The only problem, then, is how many points get scored on us. The defense is very, very young. And I can say from what I’ve seen so far that they’re improving. But they’ve got a long way to go. After already losing two defensive backs to injury, while already starting mostly freshman and sophomores on this team, we have a lot of room to grow. I think this team will get much better on defense, but I would say taking the Over on any Purdue game this year will be a good bet. Our defense means that we’ll be in some offensive shootouts this year. We’ve got plenty of firepower to match, but to win those games takes luck and senior leadership as much as skill. Against teams with senior QB’s like Iowa, Wisconsin, and Michigan State, we’ll be hard-pressed to win those battles.
Overall, though, I don’t think Purdue looks that bad. Which, given our scare against Indiana State and letting Miami take us to OT, is a very positive statement. I think we’re slightly better than even money to beat Minnesota this week, and probably destined to lose against both Notre Dame and Iowa. But even if that’s the case, and we’re 4-2 after Iowa, we’re still in decent shape. Our defense will be a different team by week 6, especially as we are already seeing notable improvement in their play week-to-week. Northwestern looks down this year, and I think we can beat them, and then perhaps split a 2-game home-stand against Wisconsin & Penn State. And it’s downhill from there. This team hasn’t really looked very good to start the season, and the growing pains have nearly cost us a game. But I see an attitude out of this team that they’re young and hungry for respect. Every week I see them learn from their mistakes, and get a little better. This team is going to be pretty good in a month, and be incredible the next two years.
Oh, and in other news, Notre Dame got crushed. It was a good day for two reasons. First, I always like to see Notre Dame lose, and they’re looking a lot more vulnerable than I thought they were. Second, Purdue doesn’t play Michigan this year, because they look tough. The Big Ten Championship just might come down to an undefeated Michigan and an undefeated Ohio State playing in November for the National Championship berth. Michigan is a complete team this year, and they just earned some serious street cred for it.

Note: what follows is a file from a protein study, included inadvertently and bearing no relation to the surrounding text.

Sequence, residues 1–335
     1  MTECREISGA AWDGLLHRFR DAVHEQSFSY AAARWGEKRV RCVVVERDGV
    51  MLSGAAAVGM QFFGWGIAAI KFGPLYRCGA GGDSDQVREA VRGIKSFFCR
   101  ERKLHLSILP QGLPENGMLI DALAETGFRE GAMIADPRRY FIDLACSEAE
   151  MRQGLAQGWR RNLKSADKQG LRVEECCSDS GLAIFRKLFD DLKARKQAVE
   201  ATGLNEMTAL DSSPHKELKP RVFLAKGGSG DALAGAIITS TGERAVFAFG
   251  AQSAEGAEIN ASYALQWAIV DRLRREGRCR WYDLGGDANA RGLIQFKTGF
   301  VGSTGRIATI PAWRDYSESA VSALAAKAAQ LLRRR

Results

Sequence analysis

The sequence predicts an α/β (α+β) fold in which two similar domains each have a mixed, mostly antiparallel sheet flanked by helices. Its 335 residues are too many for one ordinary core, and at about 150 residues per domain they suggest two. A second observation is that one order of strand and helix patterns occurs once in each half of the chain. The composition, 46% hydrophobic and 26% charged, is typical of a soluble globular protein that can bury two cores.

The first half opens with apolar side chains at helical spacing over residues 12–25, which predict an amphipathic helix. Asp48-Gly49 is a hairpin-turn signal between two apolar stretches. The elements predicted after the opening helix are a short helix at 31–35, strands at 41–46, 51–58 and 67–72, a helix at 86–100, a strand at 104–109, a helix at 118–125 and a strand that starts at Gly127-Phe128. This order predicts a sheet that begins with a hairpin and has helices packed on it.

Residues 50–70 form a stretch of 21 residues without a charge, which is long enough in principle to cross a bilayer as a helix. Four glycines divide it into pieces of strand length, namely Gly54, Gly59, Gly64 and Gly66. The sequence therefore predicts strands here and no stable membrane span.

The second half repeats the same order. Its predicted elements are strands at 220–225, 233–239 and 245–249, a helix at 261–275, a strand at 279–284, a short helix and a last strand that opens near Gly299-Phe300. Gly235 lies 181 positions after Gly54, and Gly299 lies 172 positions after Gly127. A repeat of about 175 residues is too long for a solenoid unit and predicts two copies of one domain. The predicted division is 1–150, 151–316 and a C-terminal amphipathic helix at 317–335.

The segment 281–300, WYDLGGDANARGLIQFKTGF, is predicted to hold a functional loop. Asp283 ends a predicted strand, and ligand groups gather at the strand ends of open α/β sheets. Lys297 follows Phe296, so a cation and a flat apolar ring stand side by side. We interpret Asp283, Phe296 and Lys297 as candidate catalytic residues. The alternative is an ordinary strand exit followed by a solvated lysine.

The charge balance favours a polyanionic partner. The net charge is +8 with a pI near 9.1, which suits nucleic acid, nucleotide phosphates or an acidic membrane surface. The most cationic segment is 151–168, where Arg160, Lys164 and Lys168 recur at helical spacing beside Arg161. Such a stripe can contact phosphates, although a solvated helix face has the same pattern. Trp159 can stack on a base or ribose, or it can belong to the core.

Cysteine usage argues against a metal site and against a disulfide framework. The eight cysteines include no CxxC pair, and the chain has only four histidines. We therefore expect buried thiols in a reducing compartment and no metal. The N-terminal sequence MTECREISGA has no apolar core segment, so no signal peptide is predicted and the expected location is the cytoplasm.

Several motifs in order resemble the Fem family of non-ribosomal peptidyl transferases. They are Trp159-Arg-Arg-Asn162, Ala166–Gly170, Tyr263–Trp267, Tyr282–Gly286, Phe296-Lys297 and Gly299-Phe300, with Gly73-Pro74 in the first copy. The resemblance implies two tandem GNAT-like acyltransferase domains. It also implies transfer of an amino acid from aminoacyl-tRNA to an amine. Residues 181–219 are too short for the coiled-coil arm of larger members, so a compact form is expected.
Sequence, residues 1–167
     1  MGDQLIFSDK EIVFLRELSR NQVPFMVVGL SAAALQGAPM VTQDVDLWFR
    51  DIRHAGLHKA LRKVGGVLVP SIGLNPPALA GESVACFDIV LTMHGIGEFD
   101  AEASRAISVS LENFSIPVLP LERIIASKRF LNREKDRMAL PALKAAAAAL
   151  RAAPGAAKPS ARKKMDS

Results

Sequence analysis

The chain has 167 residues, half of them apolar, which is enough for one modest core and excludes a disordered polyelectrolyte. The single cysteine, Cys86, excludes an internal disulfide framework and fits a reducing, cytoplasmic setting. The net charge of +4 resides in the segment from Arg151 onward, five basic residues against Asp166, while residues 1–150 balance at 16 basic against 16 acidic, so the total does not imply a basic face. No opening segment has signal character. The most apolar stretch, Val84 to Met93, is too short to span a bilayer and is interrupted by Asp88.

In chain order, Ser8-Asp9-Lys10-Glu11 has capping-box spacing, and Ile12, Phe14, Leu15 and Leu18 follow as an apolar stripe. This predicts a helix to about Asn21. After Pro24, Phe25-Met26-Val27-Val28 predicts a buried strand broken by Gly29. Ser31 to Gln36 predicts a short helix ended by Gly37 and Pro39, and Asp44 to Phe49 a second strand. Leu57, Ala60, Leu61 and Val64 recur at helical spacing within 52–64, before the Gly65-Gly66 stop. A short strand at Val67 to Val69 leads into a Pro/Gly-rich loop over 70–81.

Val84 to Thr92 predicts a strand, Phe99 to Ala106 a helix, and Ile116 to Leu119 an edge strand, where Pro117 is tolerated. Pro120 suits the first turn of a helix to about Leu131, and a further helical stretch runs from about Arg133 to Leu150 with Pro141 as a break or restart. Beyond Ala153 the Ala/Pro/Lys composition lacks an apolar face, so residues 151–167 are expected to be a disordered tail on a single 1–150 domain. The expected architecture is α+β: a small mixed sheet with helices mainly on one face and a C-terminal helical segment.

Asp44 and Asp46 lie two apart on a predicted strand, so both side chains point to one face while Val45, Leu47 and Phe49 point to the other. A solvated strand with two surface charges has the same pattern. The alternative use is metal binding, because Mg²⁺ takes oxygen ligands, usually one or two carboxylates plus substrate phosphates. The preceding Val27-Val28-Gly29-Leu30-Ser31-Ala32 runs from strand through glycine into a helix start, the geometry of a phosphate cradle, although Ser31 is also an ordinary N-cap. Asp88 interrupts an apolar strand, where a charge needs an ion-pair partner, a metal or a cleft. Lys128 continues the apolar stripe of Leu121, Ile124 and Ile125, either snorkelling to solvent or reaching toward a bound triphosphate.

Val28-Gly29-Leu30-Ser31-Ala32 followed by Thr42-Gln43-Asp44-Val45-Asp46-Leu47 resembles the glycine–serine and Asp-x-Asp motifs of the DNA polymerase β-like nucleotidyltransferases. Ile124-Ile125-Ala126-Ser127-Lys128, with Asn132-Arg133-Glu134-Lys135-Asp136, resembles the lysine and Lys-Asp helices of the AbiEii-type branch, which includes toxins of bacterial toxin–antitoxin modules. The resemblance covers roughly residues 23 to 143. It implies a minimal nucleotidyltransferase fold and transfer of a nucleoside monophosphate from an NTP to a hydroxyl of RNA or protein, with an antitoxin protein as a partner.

September 16, 2006
Well, I’m still 2-7 against the spread this season, but I was looking it over, and I’m 7-2 straight up. Considering that I’m trying to pick mostly competitive games, that could be a lot worse. So it’s time to look at week 3.
Oh, and BTW, I again won’t be able to live-blog the results. I’ll be sitting in beautiful Ross-Ade Stadium on a crisp fall Saturday, after tailgating with some friends, and then watching my beloved Boilermakers win some respect from David Letterman’s alma mater, Ball State.
Ball St @ Purdue:
Vegas Says: Purdue -17
This is a tough one. Purdue hasn’t exactly show they have a defense to go with their offense. They let Miami (OH) take them to OT last week, Purdue barely blocking the Miami go-ahead field goal to force OT. But I realized something as I looked over the game. Purdue threw three picks. Not only that, it was their first week running a 3-4 defense, so they had no game film to figure out their new scheme. And Miami had the time of possession battle dominated, holding the ball for over 38 minutes, thanks to all those turnovers. Purdue gave Miami every possible chance to win, and still held on.
This week, a few things will be different. First, and foremost, MLB George Hall will be back from injury. As a junior, he’s one of the old guys on this defense, and is both a vocal leader and hard hitter. He’s going to be helping the new guys read the offense, and his ability to play run defense will allow LB Dan Bick to roam a little more, disrupting plays everywhere. At the same time, the defensive backs are one week older. That may not seem like much, but they got torched by Miami last week, and since it’s 3 freshman and one JuCo transfer, they’re still in a learning stage. These kids have talent, and a week of watching film and talking to the coaches should help them understand what went wrong and how to make it right. They’re not going to suddenly become all-Big Ten guys, but they should be one more increment better than last week. And last, I think the offense should be a little less mistake-prone. Curtis Painter threw three interceptions because the Miami MLB was spying on him on throws across the middle. He also will have a week of game film to understand what he did wrong on those throws and make corrections. I’m predicting a game where Purdue is mostly turnover-free (I wouldn’t be surprised to see one), and the Purdue defense causes one, but more likely two. George Hall makes a statement, and Purdue wins handily.
Prediction: Purdue covers
Predicted final score: Purdue 45, Ball State 17
UPDATE: Final Score: Purdue 38, Ball State 28
Iowa State @ #16 Iowa:
Vegas Says: Iowa -13.5
Some of you will look at the fact that Iowa went into overtime against lowly Syracuse last week and say “WTF are they thinking giving them 13.5??” Well, the Syracuse game was played without Iowa QB Drew Tate, who is the heart and soul of that team. Much like Drew Stanton is for Michigan State, Iowa only plays as well as Tate plays. Of course, they’re talented enough that with Tate on the bench, they still beat a bottom-feeder like Syracuse. Tate will be back from an abdominal strain this Saturday. But will he be 100%?